ProQuent Ain't Spent
To date the Marlborough, Mass.-based vendor has unveiled a sole customer win at Portugal Telecom Inovação SA (PT Inovação), announced in December last year (see ProQuent Wins Portugese Deal). This dearth of public announcements, combined with the recent departure of CEO Lou Piazza and CMO Laura Howard, has sparked the latest round of speculation questioning the company’s health. (See ProQuent's Caped Crusader, Ciena Beefs Up Marketing, ProQuent: Alive and Growing, and ProQuent Strikes Back.)
CTO Tom Hamilton denies any notion of trouble, talking up success with its latest ACCESS (Authorized Content Control & Electronic Subject Screening) product. Launched last February, the kit enables carriers to filter content according to the target audience (see ProQuent Polices Content).
“We have sold it to one of the U.K. operators,” Hamilton tells Unstrung. “We can’t name that operator because the launch hasn’t taken place... We are also involved in about another three procurements and hope to close our second account soon.”
ProQuent’s offering ties in with a joint code of practice signed by the U.K.’s six wireless operators -- Hutchison 3G UK Ltd., mmO2 plc, Orange SA (London/Paris: OGE), T-Mobile (UK), Virgin Mobile (UK) Ltd., and Vodafone Group plc (NYSE: VOD) -- designed to safeguard children from adult content on mobile phones (see UK Carriers Tackle Content).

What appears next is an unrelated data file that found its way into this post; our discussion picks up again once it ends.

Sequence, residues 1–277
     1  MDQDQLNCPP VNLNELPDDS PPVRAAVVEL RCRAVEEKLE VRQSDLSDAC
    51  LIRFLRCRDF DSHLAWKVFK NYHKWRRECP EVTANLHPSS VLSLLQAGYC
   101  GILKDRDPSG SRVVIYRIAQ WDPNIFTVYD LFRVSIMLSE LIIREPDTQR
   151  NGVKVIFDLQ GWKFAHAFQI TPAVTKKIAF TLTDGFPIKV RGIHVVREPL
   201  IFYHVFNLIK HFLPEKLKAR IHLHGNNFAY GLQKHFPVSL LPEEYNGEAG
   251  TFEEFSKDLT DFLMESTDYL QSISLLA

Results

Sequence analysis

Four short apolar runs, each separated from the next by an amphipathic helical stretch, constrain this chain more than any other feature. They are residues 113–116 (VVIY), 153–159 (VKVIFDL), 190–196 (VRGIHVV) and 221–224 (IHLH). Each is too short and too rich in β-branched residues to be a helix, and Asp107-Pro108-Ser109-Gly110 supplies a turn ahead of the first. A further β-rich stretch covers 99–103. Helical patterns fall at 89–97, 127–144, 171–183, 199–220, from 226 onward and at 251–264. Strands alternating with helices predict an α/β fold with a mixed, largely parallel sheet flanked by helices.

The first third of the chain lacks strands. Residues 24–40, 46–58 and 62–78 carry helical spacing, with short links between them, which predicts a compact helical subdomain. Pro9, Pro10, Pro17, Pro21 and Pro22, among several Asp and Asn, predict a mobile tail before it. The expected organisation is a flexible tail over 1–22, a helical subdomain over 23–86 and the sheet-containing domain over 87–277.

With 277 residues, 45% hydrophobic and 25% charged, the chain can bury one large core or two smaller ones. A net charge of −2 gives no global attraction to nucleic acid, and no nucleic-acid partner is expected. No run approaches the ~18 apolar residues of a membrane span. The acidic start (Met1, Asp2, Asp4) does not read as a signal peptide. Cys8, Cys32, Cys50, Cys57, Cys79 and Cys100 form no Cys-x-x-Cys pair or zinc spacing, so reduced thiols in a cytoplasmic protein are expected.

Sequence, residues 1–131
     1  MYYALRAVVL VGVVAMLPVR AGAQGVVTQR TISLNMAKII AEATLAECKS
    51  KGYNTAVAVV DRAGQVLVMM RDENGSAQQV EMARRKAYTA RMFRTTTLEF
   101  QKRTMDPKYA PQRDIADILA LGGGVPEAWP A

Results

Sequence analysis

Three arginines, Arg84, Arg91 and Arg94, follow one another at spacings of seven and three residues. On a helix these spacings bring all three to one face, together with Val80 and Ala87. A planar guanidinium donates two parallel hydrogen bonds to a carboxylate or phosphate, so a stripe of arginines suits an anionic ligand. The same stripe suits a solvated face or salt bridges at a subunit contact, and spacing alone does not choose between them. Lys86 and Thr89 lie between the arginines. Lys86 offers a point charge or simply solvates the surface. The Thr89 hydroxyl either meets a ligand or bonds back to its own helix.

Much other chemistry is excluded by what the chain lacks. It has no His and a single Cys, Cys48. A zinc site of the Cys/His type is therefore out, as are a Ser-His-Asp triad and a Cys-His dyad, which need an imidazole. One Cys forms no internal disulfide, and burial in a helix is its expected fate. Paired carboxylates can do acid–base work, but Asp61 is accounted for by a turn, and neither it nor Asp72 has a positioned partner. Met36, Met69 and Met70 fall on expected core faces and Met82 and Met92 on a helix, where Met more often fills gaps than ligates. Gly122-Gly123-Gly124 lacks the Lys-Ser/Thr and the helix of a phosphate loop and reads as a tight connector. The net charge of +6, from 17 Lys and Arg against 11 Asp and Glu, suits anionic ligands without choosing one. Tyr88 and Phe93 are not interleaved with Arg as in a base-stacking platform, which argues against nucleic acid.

“We are not the Vodafone UK implementation,” notes Hamilton, refering to rumors that Vodafone has run into problems with its content filtering supplier.
ProQuent’s move into content filtering is a shift from its earlier focus. The vendor initially developed an “IP Mobile Services Switching Point” product, which sits off to the side of the GPRS Gateway Support Node (GGSN) or the Packer Data Serving Node (PDSN) in wireless networks and aims to enable operators to create, rate, and bill for fancy new data services without needing to upgrade their existing transport infrastructures (see ProQuent's Name Game).
“We built a service platform all along, but what we are doing now is introducing new services and application,” comments Hamilton. “We started with billing because we thought it would be the easiest to sell. As it turns out, content filtering is much easier to sell because it is a complete solution, compared to the billing space where there is a lot of integration and mediation issues that make it a more complex sell. We look at ACCESS as an expansion of our product offering. We will continue to do this. Every six to nine months we will introduce a new service.”
The company has also changed its sales gameplan in an effort to drive revenues. “We are moving forward from a direct strategy to a channel strategy. The content filtering deal we will be announcing soon is with one of the channel partners… With this channel strategy we believe ProQuent will reach profitability in the early second half of next year. Our channel strategy will reduce expenses.”
The startup has so far raised $48 million in VC funding (see ProQuent Grabs $14M).
As for the recent staff exits, Hamilton stresses that both positions were not permanent contracts. “Lou and Laura were bought in with a particular purpose last year of getting us through the launch of the ACCESS product and revamping the sales strategy. Their assignments ended and it worked out for everybody.”
Meanwhile board chairman and VC investor Rod Randall has taken temporary charge. “Probably after the holidays we will kick off a CEO search,” adds Hamilton. "As we approach the holidays and have a number of sales campaigns we are trying to conclude, we feel it wouldn't be the right time to make the change."
— Justin Springham, Senior Editor, Europe, Unstrung